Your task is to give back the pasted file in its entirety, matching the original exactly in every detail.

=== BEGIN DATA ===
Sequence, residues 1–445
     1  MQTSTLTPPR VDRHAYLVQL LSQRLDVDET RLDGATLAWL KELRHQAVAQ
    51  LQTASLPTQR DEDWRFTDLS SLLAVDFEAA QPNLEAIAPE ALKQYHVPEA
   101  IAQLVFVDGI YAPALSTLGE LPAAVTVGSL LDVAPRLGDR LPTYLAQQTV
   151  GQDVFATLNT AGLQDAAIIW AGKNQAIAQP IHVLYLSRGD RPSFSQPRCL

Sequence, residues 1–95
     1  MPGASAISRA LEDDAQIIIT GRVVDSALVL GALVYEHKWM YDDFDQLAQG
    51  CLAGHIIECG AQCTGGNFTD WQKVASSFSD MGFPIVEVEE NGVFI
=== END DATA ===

Sequence, residues 1–445
     1  MQTSTLTPPR VDRHAYLVQL LSQRLDVDET RLDGATLAWL KELRHQAVAQ
    51  LQTASLPTQR DEDWRFTDLS SLLAVDFEAA QPNLEAIAPE ALKQYHVPEA
   101  IAQLVFVDGI YAPALSTLGE LPAAVTVGSL LDVAPRLGDR LPTYLAQQTV
   151  GQDVFATLNT AGLQDAAIIW AGKNQAIAQP IHVLYLSRGD RPSFSQPRCL

Sequence, residues 1–95
     1  MPGASAISRA LEDDAQIIIT GRVVDSALVL GALVYEHKWM YDDFDQLAQG
    51  CLAGHIIECG AQCTGGNFTD WQKVASSFSD MGFPIVEVEE NGVFI